Tshisekedi supporters move to remove Kabila ally in DRC Senate

More than 60 senators reportedly demand the resignation of Kabila’s confidant and Senate Speaker Mwambe.

Incumbent President Felix Tshisekedi, left, had been forced to bargain over policies with Kabila, right, who maintained extensive control across state institutions and security services [File: Olivia Acland/Reuters]

Prosecutors and senators in the Democratic Republic of the Congo have reportedly launched new moves against the camp of former President Joseph Kabila just days after the removal of a prime minister loyal to him.

More than 60 of the Senate’s 100 members demanded the resignation of Kabila ally and upper house leader Alexis Thambwe Mwamba in a letter, seen by Reuters news agency, addressed to the office of the Senate and signed by Senator Valentin Gerengo M’vene.

Tuesday’s actions mark the latest move by allies of President Felix Tshisekedi to weaken his predecessor’s lingering power.

In recent months, Tshisekedi has chipped away at the influence of Kabila, with whom he had an awkward political alliance following a disputed 2018 election.

A longtime opponent of Kabila, who governed from 2001 to 2019, Tshisekedi won office by beating Kabila’s chosen successor in a vote observers said another opposition candidate had won.

However, the new president had been forced to bargain over policies with Kabila, who maintained extensive control across state institutions and security services.

The Senate petitioners’ letter did not explain why they want to remove Mwamba.

Two senators, who asked not to be identified, said the move was linked to corruption allegations, Reuters reported.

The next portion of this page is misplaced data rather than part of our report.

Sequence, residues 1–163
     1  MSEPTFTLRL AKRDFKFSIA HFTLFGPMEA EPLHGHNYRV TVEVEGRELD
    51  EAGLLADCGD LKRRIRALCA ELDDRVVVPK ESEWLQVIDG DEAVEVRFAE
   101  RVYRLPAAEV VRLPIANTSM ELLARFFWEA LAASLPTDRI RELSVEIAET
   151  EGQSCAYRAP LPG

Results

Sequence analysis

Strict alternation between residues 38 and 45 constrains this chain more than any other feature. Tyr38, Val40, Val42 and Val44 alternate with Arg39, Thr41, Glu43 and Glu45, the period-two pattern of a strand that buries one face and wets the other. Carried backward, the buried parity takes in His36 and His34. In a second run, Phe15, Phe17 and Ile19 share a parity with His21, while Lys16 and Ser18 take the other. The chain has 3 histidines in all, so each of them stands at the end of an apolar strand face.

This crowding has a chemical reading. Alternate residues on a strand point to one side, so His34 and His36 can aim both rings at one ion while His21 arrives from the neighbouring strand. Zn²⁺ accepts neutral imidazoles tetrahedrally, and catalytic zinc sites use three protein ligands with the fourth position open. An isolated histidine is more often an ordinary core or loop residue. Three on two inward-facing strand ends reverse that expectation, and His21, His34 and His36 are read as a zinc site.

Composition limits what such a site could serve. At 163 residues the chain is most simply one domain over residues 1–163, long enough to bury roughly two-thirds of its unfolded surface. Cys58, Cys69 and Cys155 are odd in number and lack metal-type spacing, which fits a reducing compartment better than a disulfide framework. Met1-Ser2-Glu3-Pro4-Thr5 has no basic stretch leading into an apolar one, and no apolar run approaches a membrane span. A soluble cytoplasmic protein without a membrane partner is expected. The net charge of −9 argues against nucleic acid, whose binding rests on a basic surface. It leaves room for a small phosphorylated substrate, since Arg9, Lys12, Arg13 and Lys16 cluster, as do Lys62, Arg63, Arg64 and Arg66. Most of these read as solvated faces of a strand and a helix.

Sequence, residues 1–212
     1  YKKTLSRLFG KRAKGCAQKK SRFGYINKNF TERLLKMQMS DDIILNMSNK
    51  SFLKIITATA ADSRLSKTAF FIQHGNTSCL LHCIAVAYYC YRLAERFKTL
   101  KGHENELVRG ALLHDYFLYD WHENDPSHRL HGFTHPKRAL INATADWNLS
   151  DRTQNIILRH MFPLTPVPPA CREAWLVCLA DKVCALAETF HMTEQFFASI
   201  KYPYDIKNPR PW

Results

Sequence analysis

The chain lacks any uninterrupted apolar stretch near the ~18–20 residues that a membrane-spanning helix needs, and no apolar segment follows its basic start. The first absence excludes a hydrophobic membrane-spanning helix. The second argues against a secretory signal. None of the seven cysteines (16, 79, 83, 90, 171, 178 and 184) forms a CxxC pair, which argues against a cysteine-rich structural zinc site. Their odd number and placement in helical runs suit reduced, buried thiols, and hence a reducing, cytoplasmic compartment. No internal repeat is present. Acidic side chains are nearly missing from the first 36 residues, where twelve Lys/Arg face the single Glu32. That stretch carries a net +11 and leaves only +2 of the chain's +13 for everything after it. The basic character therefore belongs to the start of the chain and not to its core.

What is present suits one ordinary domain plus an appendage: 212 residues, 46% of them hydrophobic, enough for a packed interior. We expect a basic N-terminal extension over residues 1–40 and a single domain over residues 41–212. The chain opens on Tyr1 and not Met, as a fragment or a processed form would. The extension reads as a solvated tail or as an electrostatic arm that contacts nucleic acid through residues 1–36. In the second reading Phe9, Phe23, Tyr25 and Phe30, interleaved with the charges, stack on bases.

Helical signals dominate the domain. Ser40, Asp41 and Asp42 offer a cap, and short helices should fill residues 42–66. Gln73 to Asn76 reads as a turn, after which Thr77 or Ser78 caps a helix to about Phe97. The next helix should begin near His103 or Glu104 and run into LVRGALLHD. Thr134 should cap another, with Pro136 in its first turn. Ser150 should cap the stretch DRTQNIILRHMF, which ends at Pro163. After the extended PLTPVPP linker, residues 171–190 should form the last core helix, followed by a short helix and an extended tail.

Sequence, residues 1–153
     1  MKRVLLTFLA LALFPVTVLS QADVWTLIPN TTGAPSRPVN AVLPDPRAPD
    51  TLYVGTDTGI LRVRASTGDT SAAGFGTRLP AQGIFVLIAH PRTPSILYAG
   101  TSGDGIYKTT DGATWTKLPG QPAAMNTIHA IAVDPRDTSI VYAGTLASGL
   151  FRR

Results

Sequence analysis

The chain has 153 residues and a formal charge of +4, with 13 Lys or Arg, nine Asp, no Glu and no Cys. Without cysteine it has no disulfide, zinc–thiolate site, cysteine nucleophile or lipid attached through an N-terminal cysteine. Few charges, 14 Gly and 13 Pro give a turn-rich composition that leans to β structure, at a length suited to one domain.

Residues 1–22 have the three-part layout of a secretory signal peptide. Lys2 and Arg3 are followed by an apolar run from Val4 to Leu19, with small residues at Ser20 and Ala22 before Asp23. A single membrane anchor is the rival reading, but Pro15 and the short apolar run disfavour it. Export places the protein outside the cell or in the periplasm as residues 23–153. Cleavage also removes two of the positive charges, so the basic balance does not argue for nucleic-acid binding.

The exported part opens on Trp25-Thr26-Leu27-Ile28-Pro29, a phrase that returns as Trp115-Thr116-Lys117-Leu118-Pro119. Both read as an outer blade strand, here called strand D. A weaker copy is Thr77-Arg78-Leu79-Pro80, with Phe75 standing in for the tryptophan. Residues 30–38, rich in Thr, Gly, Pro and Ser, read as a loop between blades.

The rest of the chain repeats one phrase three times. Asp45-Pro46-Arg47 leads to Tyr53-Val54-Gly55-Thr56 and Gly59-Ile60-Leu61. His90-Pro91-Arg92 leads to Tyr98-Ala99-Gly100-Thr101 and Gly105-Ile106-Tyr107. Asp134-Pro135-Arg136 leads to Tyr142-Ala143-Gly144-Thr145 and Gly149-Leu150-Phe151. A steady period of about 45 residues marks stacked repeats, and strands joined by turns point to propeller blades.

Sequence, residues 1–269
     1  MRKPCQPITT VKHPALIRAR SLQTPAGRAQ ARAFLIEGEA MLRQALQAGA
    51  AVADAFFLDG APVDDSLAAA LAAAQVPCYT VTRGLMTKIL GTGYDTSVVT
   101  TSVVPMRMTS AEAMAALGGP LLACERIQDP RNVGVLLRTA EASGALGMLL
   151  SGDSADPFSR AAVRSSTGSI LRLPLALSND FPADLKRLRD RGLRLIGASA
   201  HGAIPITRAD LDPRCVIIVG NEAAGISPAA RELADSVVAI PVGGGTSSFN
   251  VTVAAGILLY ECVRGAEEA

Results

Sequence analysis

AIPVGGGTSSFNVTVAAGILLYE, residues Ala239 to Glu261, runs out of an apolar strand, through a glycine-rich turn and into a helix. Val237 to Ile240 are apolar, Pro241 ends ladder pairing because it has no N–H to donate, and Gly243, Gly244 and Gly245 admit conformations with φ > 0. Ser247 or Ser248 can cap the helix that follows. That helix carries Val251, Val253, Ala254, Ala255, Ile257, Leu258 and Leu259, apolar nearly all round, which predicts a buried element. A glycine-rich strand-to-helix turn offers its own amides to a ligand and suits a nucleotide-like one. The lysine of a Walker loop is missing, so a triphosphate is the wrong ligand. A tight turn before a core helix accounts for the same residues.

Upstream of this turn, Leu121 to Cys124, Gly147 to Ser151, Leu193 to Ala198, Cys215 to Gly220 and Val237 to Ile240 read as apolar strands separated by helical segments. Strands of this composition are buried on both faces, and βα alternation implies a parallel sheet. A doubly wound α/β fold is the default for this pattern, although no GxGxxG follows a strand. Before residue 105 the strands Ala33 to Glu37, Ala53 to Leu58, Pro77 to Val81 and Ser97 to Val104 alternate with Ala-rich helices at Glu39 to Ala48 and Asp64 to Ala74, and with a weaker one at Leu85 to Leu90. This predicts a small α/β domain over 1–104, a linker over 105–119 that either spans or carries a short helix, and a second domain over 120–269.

On Monday, prosecutors at the country’s top court had written to ask the upper house to allow an inquiry into its Speaker Mwamba for “embezzlement of public funds”, a letter, seen by the AFP news agency, revealed.

Mwamba is accused of having 2 million euros ($2.4m) and $1m delivered to his house on January 6, prosecutor Victor Mumba said in the letter to the Senate’s bureau, which oversees the affairs of the upper house.

The bureau replied that Mwamba “agreed to temporarily keep the funds at his home” for safekeeping, because of “turbulence” that day in the National Assembly, which is next door to the Senate.

The money was picked up the following day by the Senate treasurer, and returned to the Senate’s keeping, it said.

Mwamba’s fall would be the latest setback for Kabila loyalists following the resignation of pro-Kabila Prime Minister Sylvestre Ilunga Ilunkamba last month, after a successful censure motion in the National Assembly, where the majority of MPs appeared to rally behind Tshisekedi’s new Sacred Union of the Nation group.

The incumbent’s renewed bid to remove Kabila’s camp from DR Congo’s institutions notched up its first win on December 10, when MPs removed the National Assembly’s pro-Kabila speaker.

Source: News Agencies